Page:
Jdorama Food: Yakiniku

For this challenge, I chose to prepare yakiniku.  Yakiniku is a Japanese-style grilling of bite-sized pieces of food particularly meats. The Japanese (who only began to eat beef in the late 19th century) is said to have adapted this style from Mongolian and Korean style of grilling meats. That is why a typical yakiniku meal also consists of Korean dishes such as kimchi and bibimpap.

The FooDorama Connection: In Episode 2, Kuwano-san stubbornly eats yakiniku in a theme restaurant even after he had been warned by his doctor (played by Natsukawa Yui) to watch his diet . He eats all alone since his work-mates declined to accompany him for reasons such as having a previous engagement or a downright refusal to deal with his acerbic wit and personality.

Kuwano-san’s yakiniku in the Episode 2 scene, sizzling on a gridiron over sumibi (dry distillation).

The Foodorama Challenge: Cooking Yakiniku at home

I have ordered yakiniku one time in a restaurant with my friends before but I have never tried to prepare it at home.

Since yakiniku is a “social food” (best served and eaten when you’re with friends and family), I deemed it best to have it when Sis and family arrived on this day for Sunday Lunch Project #2. Besides, Pchie, fresh from her flight from Japan, came with her pasalubong – a bottle of tare, a yakiniku sauce that can also be bought from any Japanese grocery store. If you prefer to make your own yakiniku sauce, the web is filled with many different recipes you can choose from.

Having a yakiniku party at home was an absolute fun! The food is cooked right on your table so you get to eat it while it’s hot. It would be best if you have a table-top electric griddle (at right) so you can fully enjoy this right at your own dining table.

There were no authentic slices of yakiniku beef in the supermarket so we settled for sukiyaki.  Since it needs to be cooked for a short amount of time, any thinly-sliced cuts of beef, preferably with some fat is suitable.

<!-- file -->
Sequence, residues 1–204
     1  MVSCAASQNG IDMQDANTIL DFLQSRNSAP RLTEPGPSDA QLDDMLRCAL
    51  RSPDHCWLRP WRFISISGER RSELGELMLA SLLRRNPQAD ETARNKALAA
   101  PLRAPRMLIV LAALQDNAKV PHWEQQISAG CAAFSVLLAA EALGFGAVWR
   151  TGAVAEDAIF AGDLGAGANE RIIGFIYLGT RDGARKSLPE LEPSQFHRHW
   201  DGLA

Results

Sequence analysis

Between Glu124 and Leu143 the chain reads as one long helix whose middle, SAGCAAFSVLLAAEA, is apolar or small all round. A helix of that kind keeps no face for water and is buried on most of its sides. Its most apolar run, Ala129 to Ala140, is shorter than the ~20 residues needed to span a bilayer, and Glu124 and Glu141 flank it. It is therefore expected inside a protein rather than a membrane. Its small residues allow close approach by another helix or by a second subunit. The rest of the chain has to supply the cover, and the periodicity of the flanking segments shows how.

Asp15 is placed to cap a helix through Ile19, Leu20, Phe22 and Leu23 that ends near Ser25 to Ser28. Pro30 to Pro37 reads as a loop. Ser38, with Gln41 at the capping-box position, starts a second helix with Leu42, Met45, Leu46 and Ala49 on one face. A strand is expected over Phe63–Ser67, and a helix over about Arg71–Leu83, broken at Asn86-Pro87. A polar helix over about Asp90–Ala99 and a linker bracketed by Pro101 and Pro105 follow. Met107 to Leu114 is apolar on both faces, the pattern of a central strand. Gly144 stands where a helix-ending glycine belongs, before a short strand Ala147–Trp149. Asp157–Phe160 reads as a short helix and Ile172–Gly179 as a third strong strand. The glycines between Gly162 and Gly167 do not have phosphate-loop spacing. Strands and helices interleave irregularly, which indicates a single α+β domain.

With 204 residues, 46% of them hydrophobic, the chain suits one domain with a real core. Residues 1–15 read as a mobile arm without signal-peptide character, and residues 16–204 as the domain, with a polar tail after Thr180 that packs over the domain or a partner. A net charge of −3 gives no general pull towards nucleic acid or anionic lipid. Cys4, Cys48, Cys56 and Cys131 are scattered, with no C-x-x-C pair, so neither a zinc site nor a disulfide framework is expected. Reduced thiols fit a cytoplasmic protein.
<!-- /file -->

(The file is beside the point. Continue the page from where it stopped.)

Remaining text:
Other ingredients you may need aside from tare sauce: mushrooms, kimchi (left pic), bite-sized pieces of vegetables like bell pepper and cucumber.  It would also be best if served with real Japanese rice and miso soup. Rice bowls and chopsticks added more authenticity to this enjoyable Japanese-inspired lunch.

How to serve it: you will need to bring out your serving plates since the fresh ingredients and the sauce are served and spread out on the table so your family or guests can easily reach for them using thongs or chopsticks. They can dip the ingredients in the sauce before cooking it on the griddle topped with butter. When cooked, they can get it from the griddle and mix it with kimchi and rice on their plates or bowls (At right).

The only drawback from this was that it could turn out to be messy and painful from all that hot oil splatter. Be sure NOT to wear your favorite white shirt when having this kind of cook-it-yourself meal.

So. Was my Yakiniku Challenge a hit or a miss?

Answer: A Hit! Yay! Kuwano-san would have been proud of me… 🙂  My lunch guests were obviously satiated and happy. We’re definitely going to try this again soon. Only if Pchie can give me more of that tare, then we’ll set another yakiniku date, for sure!